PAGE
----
Disclaimer: Not mine, never was, just like to borrow characters and insert my own plot A/N: No Spoilers, except for general Season 10 for Vala. Unrequited Vala/Daniel. Set in some indeterminate time in the future. Also, Lizzie, you're awesome! Thanks a million.

"Balakesh! Green cardamom! Aromatic tana leaves!"

"Silken canvases! Embroidered scarves! Magnificent linens!"

"Exotic spices to liven up your dull cuisine! Hot spices guaranteed to set your dish on fire! Hulhab imported fresh from Tanseer. Get your spices right here! Right here!"

The clamor of voices, of shopkeepers shouting their prices, of customers bargaining them down, and of currency being exchanged could be heard from as far as two streets down. The noise came first, and then the sweet musky aroma, a smell of spice intermingled with flavored tobacco permeated the entire vicinity and suffused one's lungs. Beneath the low hanging roofs lining the narrow stonewalled street, a blinding explosion of color marked the entrance of Thalhan Soor, the largest, most famous marketplace in all of Qasrah. Although the blackened cobblestones and the large weathered stone blocks whispered tales of the market's legendary history, their dullness stood in harsh contrast with the vibrant reds and blues of the fine Asthorian rugs on display, and the reflection of the midday sun bouncing off countless precious and semiprecious metal trinkets.

She could barely contain her excitement. With a skip in her step, Vala Mal Doran found herself maneuvering through the overcrowded street, eyes wandering fervently over the sparkling crystal ornaments of one stall, to the lustrous trays crafted from a peculiar silver metal in another. Nowadays, she had tried to avoid bustling marketplaces, especially given her line of work. There was always a small, yet sufficiently substantial risk of some trader recognizing her, thus blowing her cover or worse. But this time around she had allowed herself a brief respite. She was just itching to lay her hands on the latest upgrades for her ship's hyperdrive, and possibly a new shield generator and some weaponry. It also wouldn't hurt to acquire a few valuable trinkets here and there. The band of smugglers she was assigned to intercept weren't arriving at the city until much later that evening anyway. So why not immerse herself in some materialistic pleasures until then?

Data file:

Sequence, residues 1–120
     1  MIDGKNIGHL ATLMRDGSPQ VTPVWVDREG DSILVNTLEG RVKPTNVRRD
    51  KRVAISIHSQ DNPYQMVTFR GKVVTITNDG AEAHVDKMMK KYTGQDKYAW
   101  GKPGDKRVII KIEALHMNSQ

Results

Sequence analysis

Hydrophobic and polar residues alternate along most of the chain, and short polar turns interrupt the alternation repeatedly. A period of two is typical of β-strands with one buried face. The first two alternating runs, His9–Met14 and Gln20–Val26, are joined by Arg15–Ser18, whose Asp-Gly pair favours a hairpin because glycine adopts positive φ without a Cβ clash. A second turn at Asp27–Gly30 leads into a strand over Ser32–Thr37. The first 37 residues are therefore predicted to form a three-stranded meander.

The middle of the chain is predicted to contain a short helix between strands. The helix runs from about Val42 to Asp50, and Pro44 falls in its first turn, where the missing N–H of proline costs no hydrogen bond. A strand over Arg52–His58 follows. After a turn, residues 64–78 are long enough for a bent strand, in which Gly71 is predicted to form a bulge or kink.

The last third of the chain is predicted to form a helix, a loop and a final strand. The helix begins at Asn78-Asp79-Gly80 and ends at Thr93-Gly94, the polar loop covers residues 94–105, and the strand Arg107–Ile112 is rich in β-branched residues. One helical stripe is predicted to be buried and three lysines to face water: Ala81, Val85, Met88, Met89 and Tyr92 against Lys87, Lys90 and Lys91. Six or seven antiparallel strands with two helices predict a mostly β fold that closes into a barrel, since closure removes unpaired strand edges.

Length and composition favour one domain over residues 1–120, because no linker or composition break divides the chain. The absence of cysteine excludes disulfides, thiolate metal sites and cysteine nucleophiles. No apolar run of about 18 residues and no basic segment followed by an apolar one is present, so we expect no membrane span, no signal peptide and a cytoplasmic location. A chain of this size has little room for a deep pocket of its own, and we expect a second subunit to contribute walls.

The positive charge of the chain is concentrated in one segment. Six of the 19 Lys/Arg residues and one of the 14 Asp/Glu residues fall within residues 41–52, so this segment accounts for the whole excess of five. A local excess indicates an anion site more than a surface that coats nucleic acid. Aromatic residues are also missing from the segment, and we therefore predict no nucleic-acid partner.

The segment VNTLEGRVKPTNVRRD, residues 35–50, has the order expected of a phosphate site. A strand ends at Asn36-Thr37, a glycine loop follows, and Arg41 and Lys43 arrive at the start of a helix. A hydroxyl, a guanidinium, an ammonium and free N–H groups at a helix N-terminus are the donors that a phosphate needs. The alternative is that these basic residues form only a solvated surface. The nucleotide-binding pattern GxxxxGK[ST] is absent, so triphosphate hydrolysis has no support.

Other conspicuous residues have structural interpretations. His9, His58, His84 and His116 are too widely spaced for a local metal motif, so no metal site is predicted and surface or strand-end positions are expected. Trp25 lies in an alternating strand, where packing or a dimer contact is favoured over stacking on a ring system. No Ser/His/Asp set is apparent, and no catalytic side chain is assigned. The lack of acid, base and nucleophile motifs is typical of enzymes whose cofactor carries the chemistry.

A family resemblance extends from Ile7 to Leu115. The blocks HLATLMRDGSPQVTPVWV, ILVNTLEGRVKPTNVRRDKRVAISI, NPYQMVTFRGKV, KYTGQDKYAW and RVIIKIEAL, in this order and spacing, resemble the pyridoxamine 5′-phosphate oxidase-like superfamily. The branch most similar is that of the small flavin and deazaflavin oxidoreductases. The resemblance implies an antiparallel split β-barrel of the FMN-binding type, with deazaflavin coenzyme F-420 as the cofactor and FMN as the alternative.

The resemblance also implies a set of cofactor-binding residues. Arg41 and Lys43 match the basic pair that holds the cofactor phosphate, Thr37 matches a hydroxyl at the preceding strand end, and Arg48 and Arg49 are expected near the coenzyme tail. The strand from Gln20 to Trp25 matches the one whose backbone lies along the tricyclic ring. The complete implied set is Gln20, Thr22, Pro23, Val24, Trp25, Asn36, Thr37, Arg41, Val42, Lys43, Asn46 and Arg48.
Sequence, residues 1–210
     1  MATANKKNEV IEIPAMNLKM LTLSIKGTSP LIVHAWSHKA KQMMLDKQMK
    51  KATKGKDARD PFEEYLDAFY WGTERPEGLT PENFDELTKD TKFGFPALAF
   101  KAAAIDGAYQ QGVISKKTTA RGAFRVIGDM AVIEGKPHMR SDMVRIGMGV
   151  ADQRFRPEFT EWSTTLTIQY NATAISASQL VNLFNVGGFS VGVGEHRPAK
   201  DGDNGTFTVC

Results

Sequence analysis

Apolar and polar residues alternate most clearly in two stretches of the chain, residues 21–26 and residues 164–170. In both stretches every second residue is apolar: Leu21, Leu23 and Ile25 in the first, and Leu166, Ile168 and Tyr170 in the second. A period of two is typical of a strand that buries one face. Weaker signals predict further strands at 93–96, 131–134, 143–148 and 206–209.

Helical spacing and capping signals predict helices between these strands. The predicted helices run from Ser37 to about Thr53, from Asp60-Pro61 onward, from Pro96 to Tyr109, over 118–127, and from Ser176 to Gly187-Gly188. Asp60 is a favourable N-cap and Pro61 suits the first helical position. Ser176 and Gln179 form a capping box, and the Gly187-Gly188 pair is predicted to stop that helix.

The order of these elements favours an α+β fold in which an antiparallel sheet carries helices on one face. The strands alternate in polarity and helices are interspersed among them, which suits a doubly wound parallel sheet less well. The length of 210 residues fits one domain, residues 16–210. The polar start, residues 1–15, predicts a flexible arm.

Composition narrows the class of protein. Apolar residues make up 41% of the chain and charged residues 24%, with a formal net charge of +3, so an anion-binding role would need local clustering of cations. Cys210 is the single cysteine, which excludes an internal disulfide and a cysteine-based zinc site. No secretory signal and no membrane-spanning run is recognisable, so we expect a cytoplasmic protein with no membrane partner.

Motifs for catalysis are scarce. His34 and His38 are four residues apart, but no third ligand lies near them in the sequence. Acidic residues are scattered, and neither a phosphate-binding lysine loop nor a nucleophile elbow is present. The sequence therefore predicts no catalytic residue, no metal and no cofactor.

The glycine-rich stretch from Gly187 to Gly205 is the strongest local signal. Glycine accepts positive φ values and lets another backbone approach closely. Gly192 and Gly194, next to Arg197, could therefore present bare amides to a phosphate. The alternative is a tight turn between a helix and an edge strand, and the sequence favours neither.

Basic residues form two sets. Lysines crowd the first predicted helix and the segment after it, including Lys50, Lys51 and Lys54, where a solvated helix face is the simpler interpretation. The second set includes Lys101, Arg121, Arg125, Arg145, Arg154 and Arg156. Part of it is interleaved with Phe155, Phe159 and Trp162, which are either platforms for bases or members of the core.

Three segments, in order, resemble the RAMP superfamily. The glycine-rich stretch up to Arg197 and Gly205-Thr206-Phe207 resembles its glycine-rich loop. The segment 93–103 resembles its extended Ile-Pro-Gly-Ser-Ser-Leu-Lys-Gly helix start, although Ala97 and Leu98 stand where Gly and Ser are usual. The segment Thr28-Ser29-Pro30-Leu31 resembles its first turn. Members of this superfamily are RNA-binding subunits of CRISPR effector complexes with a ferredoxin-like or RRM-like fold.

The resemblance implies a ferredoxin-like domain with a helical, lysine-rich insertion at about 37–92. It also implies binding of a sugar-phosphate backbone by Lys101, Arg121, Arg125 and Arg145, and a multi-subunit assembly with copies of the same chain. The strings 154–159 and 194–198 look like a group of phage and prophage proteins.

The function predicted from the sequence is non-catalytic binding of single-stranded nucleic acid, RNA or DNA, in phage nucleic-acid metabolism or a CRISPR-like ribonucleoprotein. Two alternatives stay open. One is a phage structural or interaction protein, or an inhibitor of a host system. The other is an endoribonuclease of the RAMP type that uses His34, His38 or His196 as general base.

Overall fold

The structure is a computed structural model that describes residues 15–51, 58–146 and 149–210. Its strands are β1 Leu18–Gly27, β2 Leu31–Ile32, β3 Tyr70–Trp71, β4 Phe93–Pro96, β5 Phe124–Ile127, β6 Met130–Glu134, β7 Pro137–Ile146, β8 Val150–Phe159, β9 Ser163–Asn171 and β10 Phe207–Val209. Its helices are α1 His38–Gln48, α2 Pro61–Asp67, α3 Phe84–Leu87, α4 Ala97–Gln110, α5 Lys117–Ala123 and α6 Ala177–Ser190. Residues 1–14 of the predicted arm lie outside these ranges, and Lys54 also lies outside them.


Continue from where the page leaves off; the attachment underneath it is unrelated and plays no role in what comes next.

"Old habits die hard" was her excuse, a typical Tau'ri saying summoned from her secret stash of proverbs. But she couldn't help also thinking of the Jakadian proverb "A timour's spots never fade", and "Man's nature cannot be untaught" which was either Falonite or Aryssian. But damned if she can remember. She's been to too many places, mingled with too many cultures. After all this time, confusing proverbs shouldn't really matter. Besides, she had surprisingly discovered that the wealth of human wisdom across countless planets seemed to sum up to a handful of shared, age-old truths. No wonder proverbs were pretty much the same everywhere …

Vala smiled to herself. It was all so refreshing, the current of people rushing past her, the urgency in their voices while appraising objects and bargaining for them. After all this time, she longed to join them in their bustle. Even though she had been told that the upgrades she sought lay in a rather obscure shop further down the street, Vala decided to slip into a rather peculiar, surprisingly empty store to her left, which had immediately captured her attention.